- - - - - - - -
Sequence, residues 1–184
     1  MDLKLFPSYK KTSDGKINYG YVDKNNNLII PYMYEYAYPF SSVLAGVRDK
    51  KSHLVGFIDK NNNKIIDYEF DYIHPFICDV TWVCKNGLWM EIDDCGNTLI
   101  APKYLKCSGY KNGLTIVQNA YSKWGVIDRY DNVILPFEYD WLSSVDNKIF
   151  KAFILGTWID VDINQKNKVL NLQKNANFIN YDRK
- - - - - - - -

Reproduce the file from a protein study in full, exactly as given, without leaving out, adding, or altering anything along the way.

Sequence, residues 1–184
     1  MDLKLFPSYK KTSDGKINYG YVDKNNNLII PYMYEYAYPF SSVLAGVRDK
    51  KSHLVGFIDK NNNKIIDYEF DYIHPFICDV TWVCKNGLWM EIDDCGNTLI
   101  APKYLKCSGY KNGLTIVQNA YSKWGVIDRY DNVILPFEYD WLSSVDNKIF
   151  KAFILGTWID VDINQKNKVL NLQKNANFIN YDRK